(Bloomberg) — Anheuser Busch Inbev (NYSE:) is among 39 firms targeted by fresh European Union investigations into Belgian tax deals after an earlier order to recoup about 800 million euros ($885 million) was criticized by an EU court.
The European Commission opened separate probes into so-called tax rulings that Belgian doled out to multinational companies from 2005 to 2014, it said in an emailed statement on Monday. The rulings “may have given a selective advantage” to the companies “allowing them to pay substantially less tax.”
The other companies targeted include BASF (DE:), BP (LON:), British American Tobacco (LON:), Atlas Copco (OTC:) , Belgacom, Corning, Pfizer (NYSE:), Wabco (NYSE:), Celio International, and Bridgestone (T:).
The announcement comes a day before Apple (NASDAQ:) fights another tax battle with the EU at the same court, hoping it can also overturn an order to pay back billions of euros. Starting new probes in a case the EU thought it had wrapped up in 2016 shows the determination of Margrethe Vestager, the EU’s antitrust chief, to push on with a corporate crackdown. She’s been tasked with drafting new digital tax rules if global reforms don’t make progress.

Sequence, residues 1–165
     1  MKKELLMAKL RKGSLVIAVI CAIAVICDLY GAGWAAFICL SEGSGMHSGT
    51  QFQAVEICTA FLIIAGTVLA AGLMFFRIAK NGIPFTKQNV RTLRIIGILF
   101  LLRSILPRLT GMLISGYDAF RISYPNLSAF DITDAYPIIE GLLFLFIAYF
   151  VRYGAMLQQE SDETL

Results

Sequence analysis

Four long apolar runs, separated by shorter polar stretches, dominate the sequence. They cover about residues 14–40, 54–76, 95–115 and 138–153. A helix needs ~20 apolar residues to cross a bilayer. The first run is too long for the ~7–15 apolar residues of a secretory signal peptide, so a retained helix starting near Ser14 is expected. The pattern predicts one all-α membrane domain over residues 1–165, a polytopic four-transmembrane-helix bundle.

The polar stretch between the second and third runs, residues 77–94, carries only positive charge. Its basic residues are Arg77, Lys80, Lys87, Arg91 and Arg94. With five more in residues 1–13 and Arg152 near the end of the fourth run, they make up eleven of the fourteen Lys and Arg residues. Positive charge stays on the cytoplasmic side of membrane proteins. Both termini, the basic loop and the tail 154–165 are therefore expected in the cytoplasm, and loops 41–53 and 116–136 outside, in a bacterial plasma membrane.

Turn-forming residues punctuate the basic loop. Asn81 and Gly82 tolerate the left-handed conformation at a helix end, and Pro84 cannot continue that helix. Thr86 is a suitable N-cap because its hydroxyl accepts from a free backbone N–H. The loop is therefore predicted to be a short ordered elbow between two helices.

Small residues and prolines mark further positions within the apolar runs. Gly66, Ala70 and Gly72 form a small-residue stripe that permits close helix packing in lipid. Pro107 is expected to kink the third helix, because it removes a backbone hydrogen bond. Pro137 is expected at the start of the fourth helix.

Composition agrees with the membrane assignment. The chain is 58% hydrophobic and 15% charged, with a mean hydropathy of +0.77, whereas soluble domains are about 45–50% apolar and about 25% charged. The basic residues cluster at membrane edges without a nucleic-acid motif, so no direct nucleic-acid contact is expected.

The EU’s General Court threw out the initial tax investigation in February, saying regulators had failed to show the 39 firms were part of a specific tax program. The new investigations avoid that issue by probing each deal individually. The commission says the “excessive profit” rulings resulted in exempting the companies’ accounting profit from tax by more than 50% and sometimes up to 90%.
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